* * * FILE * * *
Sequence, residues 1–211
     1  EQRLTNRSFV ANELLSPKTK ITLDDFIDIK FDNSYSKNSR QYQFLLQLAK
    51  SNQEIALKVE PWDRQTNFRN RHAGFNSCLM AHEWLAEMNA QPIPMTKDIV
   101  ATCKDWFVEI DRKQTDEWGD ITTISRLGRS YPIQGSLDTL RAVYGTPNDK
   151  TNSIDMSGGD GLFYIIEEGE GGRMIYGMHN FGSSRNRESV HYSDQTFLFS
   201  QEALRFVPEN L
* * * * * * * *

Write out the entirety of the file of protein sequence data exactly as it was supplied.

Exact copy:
Sequence, residues 1–211
     1  EQRLTNRSFV ANELLSPKTK ITLDDFIDIK FDNSYSKNSR QYQFLLQLAK
    51  SNQEIALKVE PWDRQTNFRN RHAGFNSCLM AHEWLAEMNA QPIPMTKDIV
   101  ATCKDWFVEI DRKQTDEWGD ITTISRLGRS YPIQGSLDTL RAVYGTPNDK
   151  TNSIDMSGGD GLFYIIEEGE GGRMIYGMHN FGSSRNRESV HYSDQTFLFS
   201  QEALRFVPEN L